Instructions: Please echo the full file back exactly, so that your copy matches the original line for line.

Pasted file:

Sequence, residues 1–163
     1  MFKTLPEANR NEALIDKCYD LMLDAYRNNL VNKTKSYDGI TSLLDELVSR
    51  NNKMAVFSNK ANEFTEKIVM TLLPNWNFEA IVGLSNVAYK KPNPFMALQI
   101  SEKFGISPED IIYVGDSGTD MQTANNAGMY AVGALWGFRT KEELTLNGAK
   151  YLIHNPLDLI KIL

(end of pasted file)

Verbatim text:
Sequence, residues 1–163
     1  MFKTLPEANR NEALIDKCYD LMLDAYRNNL VNKTKSYDGI TSLLDELVSR
    51  NNKMAVFSNK ANEFTEKIVM TLLPNWNFEA IVGLSNVAYK KPNPFMALQI
   101  SEKFGISPED IIYVGDSGTD MQTANNAGMY AVGALWGFRT KEELTLNGAK
   151  YLIHNPLDLI KIL